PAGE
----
Civil Rights Act of 1866

Monday, April 9, 1866

This mural, displayed at the U.S. Capitol, celebrates the passage of the Civil Rights Act of 1866. Image courtesy of the Architect of the Capitol.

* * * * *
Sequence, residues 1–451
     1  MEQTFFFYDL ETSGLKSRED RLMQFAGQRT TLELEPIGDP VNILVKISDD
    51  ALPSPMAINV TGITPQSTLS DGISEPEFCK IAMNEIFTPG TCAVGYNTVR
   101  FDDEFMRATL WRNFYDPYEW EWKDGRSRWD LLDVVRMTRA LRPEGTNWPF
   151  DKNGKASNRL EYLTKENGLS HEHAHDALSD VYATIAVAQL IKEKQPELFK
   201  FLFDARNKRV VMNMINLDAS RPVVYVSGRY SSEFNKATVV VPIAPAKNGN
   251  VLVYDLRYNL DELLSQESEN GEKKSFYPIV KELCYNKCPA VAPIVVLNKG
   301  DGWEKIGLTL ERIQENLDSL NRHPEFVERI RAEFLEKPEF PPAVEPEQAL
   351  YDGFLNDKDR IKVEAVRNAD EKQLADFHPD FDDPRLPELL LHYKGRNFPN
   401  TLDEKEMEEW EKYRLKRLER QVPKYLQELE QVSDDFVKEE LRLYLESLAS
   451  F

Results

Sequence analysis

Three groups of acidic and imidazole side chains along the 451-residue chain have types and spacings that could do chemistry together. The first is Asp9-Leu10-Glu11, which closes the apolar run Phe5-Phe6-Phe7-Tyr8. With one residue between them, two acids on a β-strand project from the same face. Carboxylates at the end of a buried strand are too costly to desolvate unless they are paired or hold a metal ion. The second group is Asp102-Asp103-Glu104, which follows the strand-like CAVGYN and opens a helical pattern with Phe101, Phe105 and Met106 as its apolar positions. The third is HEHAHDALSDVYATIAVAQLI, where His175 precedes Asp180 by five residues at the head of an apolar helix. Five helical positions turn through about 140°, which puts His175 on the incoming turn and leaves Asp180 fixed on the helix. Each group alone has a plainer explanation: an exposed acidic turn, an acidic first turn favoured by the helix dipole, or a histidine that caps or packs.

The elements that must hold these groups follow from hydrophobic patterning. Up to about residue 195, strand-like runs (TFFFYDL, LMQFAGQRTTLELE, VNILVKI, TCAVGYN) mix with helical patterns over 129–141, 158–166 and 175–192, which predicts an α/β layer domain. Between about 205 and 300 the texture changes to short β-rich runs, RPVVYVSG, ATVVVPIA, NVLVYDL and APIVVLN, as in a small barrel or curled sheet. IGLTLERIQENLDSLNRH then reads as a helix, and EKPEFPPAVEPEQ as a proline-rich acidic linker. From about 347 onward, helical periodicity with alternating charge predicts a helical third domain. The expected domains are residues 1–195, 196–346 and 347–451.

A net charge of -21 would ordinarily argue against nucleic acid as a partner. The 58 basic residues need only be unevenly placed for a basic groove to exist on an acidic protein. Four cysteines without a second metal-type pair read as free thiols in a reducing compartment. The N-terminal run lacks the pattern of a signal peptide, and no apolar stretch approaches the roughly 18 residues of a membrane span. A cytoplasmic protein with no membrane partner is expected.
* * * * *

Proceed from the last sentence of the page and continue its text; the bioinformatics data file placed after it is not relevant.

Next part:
A two-thirds majority vote in each house of Congress overrides the veto of President Andrew Johnson to enact the Civil Rights Act of 1866. The new law presages the 14th Amendment to the Constitution by declaring that "all persons born in the United States and not subject to any foreign power, excluding Indians not taxed, are hereby declared to be citizens of the United States." In practice, the rise of the Ku Klux Klan and other Southern resistance limits the effectiveness of the act, and it is widely thought that a Consitutional Amendment will be necessary to ensure that a future Congress does not overturn the law. Furthermore, the law does virtually nothing to extend civil rights to Native Americans or women of any race.

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